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Credit Suisse’s Chief Executive Is Reducing His Own Bonus

February 7, 2016, 8:53 PM UTC
ZURICH: Credit Suisse Group AG Chief Executive Officer Tidjane Thiam Earnings News Conference & Interview
Tidjane Thiam, chief executive officer of Credit Suisse Group AG, speaks during a news conference at the bank's headquarters in Zurich, Switzerland, on Wednesday, Oct. 21, 2015. Credit Suisse will raise about 6.05 billion Swiss francs ($6.3 billion) of capital as part of a broad reorganization that will increase the bank's focus on Switzerland and wealth management in Asia as it scales back the securities unit. Photographer: Alessandro Della Bella/Bloomberg via Getty Images
Photograph by Alessandro Della Bella — Bloomberg via Getty Images

Credit Suisse’s chief executive is waiving part of his bonus in response to the lender’s first full-year loss since 2008, weekly Sonntagszeitung said on Sunday.

Switzerland’s second-largest bank reported a worse-than-expected 2015 net loss of 2.94 billion Swiss francs ($2.97 billion) after booking a big impairment charge at its investment banking business.

“I proposed to the board to markedly reduce my bonus,” Tidjane Thiam was quoted as saying. “My cut is the biggest within the management team.”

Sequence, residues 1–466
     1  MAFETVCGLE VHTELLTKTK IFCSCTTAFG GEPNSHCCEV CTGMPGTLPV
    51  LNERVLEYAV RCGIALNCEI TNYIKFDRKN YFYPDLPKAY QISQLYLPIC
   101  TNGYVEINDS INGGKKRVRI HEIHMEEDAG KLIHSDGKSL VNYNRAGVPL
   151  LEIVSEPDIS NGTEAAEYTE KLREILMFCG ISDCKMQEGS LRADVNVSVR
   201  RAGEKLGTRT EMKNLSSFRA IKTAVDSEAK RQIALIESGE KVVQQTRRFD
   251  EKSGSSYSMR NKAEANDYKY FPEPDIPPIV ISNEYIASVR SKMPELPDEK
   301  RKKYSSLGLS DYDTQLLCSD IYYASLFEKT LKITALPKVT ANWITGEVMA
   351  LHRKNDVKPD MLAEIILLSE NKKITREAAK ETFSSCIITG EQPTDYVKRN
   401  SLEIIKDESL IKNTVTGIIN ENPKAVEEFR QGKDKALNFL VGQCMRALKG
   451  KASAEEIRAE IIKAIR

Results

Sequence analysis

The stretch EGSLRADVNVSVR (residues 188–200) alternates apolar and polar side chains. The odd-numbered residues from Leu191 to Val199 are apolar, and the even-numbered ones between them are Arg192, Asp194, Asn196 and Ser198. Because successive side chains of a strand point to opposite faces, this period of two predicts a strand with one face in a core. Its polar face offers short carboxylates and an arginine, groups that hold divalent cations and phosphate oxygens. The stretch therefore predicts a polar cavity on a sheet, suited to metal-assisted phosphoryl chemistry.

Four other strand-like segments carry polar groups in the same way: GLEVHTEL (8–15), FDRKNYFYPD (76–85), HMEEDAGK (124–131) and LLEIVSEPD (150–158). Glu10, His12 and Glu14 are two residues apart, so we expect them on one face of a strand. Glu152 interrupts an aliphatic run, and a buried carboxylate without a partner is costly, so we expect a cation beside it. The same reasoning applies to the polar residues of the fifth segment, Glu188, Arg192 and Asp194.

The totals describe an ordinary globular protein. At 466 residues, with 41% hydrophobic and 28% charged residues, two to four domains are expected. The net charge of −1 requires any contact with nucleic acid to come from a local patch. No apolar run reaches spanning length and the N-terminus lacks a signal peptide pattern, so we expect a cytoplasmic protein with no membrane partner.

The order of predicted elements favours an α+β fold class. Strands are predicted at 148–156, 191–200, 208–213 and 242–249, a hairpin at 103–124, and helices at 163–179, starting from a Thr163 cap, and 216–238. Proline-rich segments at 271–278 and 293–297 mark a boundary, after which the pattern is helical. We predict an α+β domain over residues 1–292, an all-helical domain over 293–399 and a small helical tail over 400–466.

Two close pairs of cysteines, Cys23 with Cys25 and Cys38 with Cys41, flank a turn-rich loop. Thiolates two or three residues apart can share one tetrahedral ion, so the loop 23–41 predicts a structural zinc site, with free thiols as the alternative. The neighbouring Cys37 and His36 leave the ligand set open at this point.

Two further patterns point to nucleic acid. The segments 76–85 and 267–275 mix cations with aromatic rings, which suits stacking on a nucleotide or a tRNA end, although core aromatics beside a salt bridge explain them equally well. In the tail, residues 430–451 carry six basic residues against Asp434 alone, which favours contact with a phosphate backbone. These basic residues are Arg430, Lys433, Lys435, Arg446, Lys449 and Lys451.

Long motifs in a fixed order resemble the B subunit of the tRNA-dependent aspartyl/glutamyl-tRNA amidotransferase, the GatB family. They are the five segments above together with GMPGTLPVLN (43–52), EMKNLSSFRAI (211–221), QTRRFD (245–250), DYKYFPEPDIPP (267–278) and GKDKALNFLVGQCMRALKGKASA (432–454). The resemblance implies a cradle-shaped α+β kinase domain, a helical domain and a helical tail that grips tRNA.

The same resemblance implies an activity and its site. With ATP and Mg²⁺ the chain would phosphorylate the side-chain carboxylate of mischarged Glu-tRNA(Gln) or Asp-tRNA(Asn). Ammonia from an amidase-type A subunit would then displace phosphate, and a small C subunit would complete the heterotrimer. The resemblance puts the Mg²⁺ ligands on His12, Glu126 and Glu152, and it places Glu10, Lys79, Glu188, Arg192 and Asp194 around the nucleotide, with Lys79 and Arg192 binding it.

Thiam has said he wants to cut costs quicker, promising the lender’s bonus pool for 2015 would be 11% smaller than a year earlier.

Thiam told the paper he felt a statement he had made in October about 2018 profits had been misunderstood.

“I never announced a 2018 goal of a 9-10 billion [Swiss francs] profit,” he said, adding that he gave this range for illustration purposes only.

It would be “self-destructive” to set profit targets for the investment banking business, he said.

Thiam, a former Ivory Coast government minister who replaced American Brady Dougan, aims to shrink Credit Suisse’s investment banking operation after it saw net outflows of funds in two of its three main wealth management divisions in the fourth quarter 2015.

Instead he plans to focus more on wealth management in emerging economies.